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Free-thinking Saint Felix pupils join in with National Poetry Day
Children at a school in Southwold joined in with National Poetry Day on Thursday 28th September.
Students in Years 7 – 11 wrote poems in their own time, themed around ‘freedom’. All poems needed to reflect personal feelings about freedom, with individual interpretations of the theme covering topics including democracy and independence as well as war and sexism. A number of students read their poems, or those by established writers including Maya Angelou and Imtiaz Dharker that had inspired and moved them, in assembly on Monday 2nd October:
Nabila Haque, aged 16, chose Maya Angelou’s ‘Still I Rise’ for her performance because “I think that the poem’s affirmation of my worth as a woman is really inspiring. It sends a message to everyone who feels oppressed, wherever they are in the world, to persevere and overcome the challenges that life throws at them.”
Mollie Barrett-Kelly, aged 14, entitled her poem ‘Freedom’ and said that “she had taken the metaphor of drowning as a starting point and used it to explore the universal struggles for freedom.”
I can’t breathe, I am about to drown,
Stuck in a cage of flesh.
Heavy bones pull me down,
Bars to my lonely cell.
My lungs ache for something,
I cannot truly breathe,
But I will drown unless I do.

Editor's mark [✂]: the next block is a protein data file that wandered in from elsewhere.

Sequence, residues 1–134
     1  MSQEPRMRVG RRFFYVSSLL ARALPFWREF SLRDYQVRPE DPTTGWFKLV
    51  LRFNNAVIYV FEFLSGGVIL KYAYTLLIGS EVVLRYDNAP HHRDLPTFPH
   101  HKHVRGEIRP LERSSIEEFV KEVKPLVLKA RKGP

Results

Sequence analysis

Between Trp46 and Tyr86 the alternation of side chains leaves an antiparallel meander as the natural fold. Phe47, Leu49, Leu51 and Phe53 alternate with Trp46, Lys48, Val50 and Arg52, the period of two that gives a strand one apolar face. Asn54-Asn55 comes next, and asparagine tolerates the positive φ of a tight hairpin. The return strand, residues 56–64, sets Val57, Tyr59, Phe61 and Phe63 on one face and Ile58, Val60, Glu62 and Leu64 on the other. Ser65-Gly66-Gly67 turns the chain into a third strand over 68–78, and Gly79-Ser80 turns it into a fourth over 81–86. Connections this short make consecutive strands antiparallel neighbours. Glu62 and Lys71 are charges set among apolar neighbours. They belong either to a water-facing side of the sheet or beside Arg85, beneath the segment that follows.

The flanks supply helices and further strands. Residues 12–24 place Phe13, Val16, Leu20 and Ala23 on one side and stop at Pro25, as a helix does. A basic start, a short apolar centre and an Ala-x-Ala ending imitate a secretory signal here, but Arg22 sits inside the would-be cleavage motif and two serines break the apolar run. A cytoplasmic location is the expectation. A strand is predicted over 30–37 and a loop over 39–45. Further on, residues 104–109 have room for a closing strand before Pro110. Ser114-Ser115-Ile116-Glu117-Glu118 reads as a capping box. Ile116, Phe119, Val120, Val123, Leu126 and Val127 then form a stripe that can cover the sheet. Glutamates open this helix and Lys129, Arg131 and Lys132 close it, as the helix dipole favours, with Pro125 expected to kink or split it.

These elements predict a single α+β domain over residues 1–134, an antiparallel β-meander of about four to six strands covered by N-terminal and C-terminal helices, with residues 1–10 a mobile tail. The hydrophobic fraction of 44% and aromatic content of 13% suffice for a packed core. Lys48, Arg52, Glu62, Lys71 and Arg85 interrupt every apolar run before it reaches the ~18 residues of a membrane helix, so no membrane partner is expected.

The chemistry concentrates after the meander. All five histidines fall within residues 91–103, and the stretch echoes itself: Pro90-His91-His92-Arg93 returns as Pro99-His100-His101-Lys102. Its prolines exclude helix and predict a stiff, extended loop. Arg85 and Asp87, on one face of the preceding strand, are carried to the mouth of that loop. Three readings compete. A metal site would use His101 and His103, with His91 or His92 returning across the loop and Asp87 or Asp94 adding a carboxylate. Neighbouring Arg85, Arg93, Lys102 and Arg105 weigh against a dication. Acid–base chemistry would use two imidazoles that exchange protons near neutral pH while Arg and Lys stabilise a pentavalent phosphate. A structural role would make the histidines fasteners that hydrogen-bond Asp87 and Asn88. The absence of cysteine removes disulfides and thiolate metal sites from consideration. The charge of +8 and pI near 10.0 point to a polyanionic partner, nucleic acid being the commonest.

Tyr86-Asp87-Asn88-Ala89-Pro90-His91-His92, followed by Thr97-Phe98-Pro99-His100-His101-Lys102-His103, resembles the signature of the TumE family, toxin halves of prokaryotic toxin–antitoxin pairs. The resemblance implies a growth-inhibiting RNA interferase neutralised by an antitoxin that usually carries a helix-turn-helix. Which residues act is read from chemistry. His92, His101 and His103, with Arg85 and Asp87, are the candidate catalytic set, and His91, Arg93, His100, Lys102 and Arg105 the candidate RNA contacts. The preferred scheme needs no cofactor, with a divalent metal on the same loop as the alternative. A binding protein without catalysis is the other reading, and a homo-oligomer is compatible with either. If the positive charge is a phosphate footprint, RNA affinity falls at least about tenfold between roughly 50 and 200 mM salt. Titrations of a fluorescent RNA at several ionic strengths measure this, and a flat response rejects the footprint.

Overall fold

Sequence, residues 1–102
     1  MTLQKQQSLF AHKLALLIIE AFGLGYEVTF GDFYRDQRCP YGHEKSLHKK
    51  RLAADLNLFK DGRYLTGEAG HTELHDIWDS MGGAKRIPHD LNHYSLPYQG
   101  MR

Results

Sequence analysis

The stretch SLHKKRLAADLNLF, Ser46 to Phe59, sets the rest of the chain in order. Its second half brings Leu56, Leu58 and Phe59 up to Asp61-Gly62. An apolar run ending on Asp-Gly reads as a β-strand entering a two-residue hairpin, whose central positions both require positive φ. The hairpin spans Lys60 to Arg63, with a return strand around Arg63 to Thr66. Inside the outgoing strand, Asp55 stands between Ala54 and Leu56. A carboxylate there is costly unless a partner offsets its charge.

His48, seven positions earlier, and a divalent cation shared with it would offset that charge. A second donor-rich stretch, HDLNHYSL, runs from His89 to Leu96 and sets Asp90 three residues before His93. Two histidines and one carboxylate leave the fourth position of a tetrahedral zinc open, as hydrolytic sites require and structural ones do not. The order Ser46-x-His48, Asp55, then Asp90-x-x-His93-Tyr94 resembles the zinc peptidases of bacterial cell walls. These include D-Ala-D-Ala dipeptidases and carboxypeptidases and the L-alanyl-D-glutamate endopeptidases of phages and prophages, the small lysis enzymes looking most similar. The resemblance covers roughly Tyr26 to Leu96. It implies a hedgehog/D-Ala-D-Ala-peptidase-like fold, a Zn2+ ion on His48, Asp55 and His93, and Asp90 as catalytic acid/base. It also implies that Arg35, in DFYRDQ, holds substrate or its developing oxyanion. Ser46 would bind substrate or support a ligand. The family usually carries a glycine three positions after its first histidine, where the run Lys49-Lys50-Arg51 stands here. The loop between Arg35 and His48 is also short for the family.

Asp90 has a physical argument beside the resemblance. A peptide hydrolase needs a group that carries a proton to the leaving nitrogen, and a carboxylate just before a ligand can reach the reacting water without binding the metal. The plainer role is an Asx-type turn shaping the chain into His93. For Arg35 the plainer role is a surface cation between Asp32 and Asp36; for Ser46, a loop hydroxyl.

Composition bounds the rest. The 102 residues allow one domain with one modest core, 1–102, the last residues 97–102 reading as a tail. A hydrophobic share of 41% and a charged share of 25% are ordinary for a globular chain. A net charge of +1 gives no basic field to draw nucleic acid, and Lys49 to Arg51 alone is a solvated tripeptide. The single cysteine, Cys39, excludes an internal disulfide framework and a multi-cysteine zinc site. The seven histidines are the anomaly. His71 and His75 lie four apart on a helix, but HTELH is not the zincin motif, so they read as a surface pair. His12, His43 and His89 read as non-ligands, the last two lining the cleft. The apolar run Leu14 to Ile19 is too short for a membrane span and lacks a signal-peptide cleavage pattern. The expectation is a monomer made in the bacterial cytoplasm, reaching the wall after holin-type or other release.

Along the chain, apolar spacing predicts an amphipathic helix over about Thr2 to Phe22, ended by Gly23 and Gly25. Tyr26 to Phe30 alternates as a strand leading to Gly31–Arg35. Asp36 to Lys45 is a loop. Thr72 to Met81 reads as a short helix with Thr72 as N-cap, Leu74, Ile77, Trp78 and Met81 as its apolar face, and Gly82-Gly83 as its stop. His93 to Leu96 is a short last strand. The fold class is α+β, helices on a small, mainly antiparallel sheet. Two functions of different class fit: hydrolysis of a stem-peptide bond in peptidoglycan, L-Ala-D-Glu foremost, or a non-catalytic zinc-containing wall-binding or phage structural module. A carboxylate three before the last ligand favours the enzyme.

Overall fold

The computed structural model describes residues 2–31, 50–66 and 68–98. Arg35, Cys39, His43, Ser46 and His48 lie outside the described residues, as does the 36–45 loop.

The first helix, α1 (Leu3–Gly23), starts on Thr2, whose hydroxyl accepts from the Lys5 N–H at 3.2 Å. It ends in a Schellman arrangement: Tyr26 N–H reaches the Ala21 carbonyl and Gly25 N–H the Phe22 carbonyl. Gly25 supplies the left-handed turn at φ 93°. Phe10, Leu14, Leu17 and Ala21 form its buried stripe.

So, I fight, my heart like a weight,
Until my muscles give in.
I breathe out slowly, let go
Until I feel like there is nothing left.
I breathe in and it fills my lungs.
The scent of freedom is in the air.
A number of international students contributed poems, demonstrating their competency in English as a second language. Carlotta Dieker, aged 15, who joined the school from Germany in September, composed an emotive piece highlighting the oppositions within freedom, and exploring the reality for most people who are denied independence:
I want to be free. Like a bird I want to fly
With no boundaries, no rules and no
Power pulling me down from the sky.
That’s independence I heard. But what it’s like I do not know
For I’ve never tasted the flavour of liberty
Only the venom – visions at night
Which remind me of salt on my tongue and the volatility
Of a green breeze of freedom wafting over me in the moonlight
That delivers me into temptation and delivers me to evil for
When I finally awake the remembrance is there; paining and poisoning
It tempts me.
I want freedom in reality –
Not the imprisonment I endure.
Head of English Rod Lynch was impressed with the high standard of writing: “Students really embraced the theme, and in both creating their own poems and studying other works have learned about the power of poetry to express emotion. It’s great for poetry to be given a national profile in this way.”